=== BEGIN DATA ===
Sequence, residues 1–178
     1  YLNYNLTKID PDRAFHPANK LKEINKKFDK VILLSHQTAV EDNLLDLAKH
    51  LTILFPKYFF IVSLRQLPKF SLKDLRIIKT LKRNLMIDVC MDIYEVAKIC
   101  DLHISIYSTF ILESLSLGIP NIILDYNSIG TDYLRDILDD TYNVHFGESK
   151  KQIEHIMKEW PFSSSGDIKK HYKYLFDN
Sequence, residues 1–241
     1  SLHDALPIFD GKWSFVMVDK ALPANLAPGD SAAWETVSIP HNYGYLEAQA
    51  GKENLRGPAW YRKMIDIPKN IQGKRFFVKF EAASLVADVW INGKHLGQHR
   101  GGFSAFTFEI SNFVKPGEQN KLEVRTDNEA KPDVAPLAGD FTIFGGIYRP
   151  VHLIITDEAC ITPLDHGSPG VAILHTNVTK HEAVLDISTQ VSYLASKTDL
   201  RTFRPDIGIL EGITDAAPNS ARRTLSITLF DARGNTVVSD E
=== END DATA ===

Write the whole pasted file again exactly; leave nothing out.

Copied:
Sequence, residues 1–178
     1  YLNYNLTKID PDRAFHPANK LKEINKKFDK VILLSHQTAV EDNLLDLAKH
    51  LTILFPKYFF IVSLRQLPKF SLKDLRIIKT LKRNLMIDVC MDIYEVAKIC
   101  DLHISIYSTF ILESLSLGIP NIILDYNSIG TDYLRDILDD TYNVHFGESK
   151  KQIEHIMKEW PFSSSGDIKK HYKYLFDN
Sequence, residues 1–241
     1  SLHDALPIFD GKWSFVMVDK ALPANLAPGD SAAWETVSIP HNYGYLEAQA
    51  GKENLRGPAW YRKMIDIPKN IQGKRFFVKF EAASLVADVW INGKHLGQHR
   101  GGFSAFTFEI SNFVKPGEQN KLEVRTDNEA KPDVAPLAGD FTIFGGIYRP
   151  VHLIITDEAC ITPLDHGSPG VAILHTNVTK HEAVLDISTQ VSYLASKTDL
   201  RTFRPDIGIL EGITDAAPNS ARRTLSITLF DARGNTVVSD E